Our trip began with three days in Barcelona, Spain. We flew from Washington to Barcelona via Munich. The first excitement was an equipment failure on the plane out of Dulles airport. We were thankful that the problem was discovered while the plane was still at the gate and that a repair was possible in a reasonably short time. Overall delay was over an hour, but we had just enough time in Munich to make our connection to Barcelona.
Our hotel in Barcelona, NH Barcelona Centro (was called Duc de la Victoria), was very nice and centrally located. We could walk to many of the sights and the subway was only a couple of blocks away.
Years ago when Jim was doing a lot of travel with USGS, he purchased a lifetime membership in the Continental "President's Club." What with subsequent mergers, we now have lifetime access to the United equivalent. Since we had to be at the airport well before our flight to Barcelona, we were happy to have a comfortable place to wait – not to mention the free wine, beer & snacks. What a great investment that was!
The construction of this edifice was supervised for many years by the architect Antoni Gaudi. We saw quite a few (but not enough) of his works and they were fabulous. In order to keep these web pages to a reasonable size for downloading, I've moved most of my pictures of the Gaudi locations to a separate page. Follow the links to see more.
The terrace overlooks the city of Barcelona. The distant hill that can be seen in the center of picture is Montjuic, which we will be visiting later.
The tall, oddly shaped building in the background is a replica of the Burj al Arab hotel in Dubai.
The waterfront sector, called Barceloneta, is where the best seafood restaurants are to be found. We didn't make it there to eat, but those in our group who did were very pleased. The late dinner hour in Spain doesn't suit us so we were forced to make do at the numerous delicious and friendly tapas bars!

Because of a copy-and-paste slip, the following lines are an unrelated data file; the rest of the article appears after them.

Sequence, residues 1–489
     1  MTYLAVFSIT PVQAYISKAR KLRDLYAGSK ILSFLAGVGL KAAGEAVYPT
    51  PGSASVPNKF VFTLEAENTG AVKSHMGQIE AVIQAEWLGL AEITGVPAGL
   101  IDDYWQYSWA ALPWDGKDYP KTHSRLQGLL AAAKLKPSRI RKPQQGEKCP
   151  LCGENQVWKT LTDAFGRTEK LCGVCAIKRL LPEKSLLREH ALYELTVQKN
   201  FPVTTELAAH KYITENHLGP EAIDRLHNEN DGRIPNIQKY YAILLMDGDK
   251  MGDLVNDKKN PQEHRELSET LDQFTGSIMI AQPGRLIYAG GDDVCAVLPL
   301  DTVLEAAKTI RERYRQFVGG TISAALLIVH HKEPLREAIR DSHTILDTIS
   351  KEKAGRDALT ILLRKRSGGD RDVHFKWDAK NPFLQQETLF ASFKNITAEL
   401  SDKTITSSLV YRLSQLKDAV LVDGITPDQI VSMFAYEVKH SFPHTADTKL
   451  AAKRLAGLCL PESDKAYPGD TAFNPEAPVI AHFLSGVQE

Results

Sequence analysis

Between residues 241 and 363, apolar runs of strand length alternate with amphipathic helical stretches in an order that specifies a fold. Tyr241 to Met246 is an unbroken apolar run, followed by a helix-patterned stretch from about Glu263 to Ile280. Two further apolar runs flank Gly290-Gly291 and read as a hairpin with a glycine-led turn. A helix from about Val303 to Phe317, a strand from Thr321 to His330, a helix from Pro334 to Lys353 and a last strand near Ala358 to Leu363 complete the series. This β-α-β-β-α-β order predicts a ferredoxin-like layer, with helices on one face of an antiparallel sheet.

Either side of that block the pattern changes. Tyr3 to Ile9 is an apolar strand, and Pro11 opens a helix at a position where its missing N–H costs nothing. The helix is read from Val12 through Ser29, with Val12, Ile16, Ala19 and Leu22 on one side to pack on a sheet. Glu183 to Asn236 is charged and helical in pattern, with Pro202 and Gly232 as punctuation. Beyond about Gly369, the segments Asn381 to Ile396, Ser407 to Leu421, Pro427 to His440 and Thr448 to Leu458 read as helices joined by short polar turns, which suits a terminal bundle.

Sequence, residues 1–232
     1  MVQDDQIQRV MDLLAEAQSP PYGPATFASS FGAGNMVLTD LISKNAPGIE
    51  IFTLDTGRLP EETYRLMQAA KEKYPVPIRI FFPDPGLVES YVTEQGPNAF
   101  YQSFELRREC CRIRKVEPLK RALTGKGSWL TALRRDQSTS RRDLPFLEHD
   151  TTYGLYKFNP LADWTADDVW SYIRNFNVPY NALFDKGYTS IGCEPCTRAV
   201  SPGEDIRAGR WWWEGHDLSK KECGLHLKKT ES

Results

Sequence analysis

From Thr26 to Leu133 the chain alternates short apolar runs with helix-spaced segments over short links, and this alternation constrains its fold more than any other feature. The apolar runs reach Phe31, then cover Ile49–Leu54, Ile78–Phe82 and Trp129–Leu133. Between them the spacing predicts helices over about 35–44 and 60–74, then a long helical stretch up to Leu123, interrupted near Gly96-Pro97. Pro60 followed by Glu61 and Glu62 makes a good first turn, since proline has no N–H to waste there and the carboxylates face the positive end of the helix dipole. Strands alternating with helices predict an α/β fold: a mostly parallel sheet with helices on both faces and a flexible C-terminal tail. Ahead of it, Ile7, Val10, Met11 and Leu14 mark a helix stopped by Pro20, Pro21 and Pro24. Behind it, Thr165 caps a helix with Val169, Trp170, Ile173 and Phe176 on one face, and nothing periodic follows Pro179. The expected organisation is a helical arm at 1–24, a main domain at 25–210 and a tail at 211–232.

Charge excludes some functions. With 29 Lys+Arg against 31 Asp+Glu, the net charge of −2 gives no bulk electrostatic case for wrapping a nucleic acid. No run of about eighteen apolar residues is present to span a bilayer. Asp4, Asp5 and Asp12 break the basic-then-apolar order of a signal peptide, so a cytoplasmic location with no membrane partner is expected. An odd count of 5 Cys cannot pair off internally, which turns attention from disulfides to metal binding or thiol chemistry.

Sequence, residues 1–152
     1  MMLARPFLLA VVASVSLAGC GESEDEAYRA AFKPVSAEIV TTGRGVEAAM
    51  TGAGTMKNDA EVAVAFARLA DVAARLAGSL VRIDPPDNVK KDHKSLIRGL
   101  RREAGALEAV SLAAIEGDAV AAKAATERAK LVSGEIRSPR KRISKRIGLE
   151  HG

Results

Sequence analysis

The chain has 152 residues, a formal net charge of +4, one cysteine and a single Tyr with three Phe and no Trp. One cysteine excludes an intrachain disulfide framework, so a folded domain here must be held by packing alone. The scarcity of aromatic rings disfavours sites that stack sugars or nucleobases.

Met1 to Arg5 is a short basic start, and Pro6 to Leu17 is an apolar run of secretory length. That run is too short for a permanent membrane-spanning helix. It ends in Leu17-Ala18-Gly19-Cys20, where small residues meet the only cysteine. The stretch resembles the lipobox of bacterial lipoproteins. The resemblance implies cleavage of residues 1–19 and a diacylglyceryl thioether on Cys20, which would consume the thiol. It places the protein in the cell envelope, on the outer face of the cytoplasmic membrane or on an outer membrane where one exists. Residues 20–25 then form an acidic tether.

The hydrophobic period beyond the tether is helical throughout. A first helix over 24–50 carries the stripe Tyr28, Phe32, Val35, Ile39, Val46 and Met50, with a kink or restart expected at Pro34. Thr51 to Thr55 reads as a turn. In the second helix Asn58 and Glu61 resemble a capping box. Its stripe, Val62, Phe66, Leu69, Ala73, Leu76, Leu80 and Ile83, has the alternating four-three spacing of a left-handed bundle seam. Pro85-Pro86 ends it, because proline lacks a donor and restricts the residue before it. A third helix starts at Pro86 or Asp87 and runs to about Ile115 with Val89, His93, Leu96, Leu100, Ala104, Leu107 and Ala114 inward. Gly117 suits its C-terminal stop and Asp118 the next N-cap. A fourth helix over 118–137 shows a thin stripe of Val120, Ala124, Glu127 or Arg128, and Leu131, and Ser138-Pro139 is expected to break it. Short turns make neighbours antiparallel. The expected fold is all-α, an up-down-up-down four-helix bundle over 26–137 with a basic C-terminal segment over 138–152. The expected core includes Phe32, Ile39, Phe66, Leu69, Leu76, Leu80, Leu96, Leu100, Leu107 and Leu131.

In addition to the fortress, the current development on the mountain is mostly related to the 1929 World's Fair and the 1992 Olympics.
Bonnie and Eloise are having fun with a sculpture showing a traditional Catalan dance (we were told that pictures here are not just permitted, but mandatory). Jim seems overwhelmed by the hijinks!
A block away was an excavation of a 2nd century Roman cemetery. Here at home in the US we think something is old when it dates from the 19th century! Europe has a rather different time scale.
Although some of these grave markers have been restored, many are original. The Romans built these markers out of masonry and covered them with stucco. Most had stone plaques with inscriptions.
Barcelona is the capital of the autonomous state of Catalunya or Catalonia. One of the official languages, along with Spanish, is Catalan. Although there are many similarities, it is a distinctly different language. (We found that most signs, menus, etc. were in Catalan rather than Spanish.) Catalan is also the official language of Andorra.
Near the hotel was the Plaça Catalunya. This was a popular gathering place for people and pigeons as well as the site of a major transfer point for the Barcelona Metro.
Later in our stay there was a large demonstration, centered on this plaza, against austerity measures being imposed by the government.
There were buskers of all descriptions: break dancers, mimes, bands, classical instrumentalists – even a lady singing arias.
Many in our group also availed themselves of one of the evening concerts. The week we were there there was a noted flamenco guitarist performing at a church in our area. They said he was fabulous!
Once off the main streets the roadways were very narrow and twisty – although you always had to be aware of potential traffic.
Several people in our group were dismayed to find that the tour bus was unable to negotiate the streets to provide curbside delivery of luggage. Moreover the hotel did not have bellmen with luggage carts. All the warnings about being prepared to carry your own bags, which are routinely ignored by most American travelers, are really true. Some who had over-packed had to make multiple three to four block trips to get to the bus stop – even though everyone gave a hand where possible.
We loved the iron work on this tower, which was one of the older ones (I think). This would be an uncomfortable place to walk in a rain storm if all the gargoyles were spurting water.
The colorful roof in the background covers the 19th century Santa Caterina market building renovated not long ago. This is Sunday and it was closed, so we couldn't visit on this trip.
As mentioned above, age is a relative thing. The Cuitat Vella corresponds roughly to the footprint of the original Roman settlement. In most European cities, the old city walls have been torn down, but in many places here they have been preserved in a way. This building at the Plaça Nova incorporates a portion of the original wall and the viaduct that served the city, which can be seen in the multiple layers of arches. This aspect of Barcelona would have deserved at least a day on its own.
We enjoyed Barcelona so much that we returned some years later for an extended visit. There is still much to see.
Early the following morning, we were up and packed and on our way to Andorra by way of Montserrat.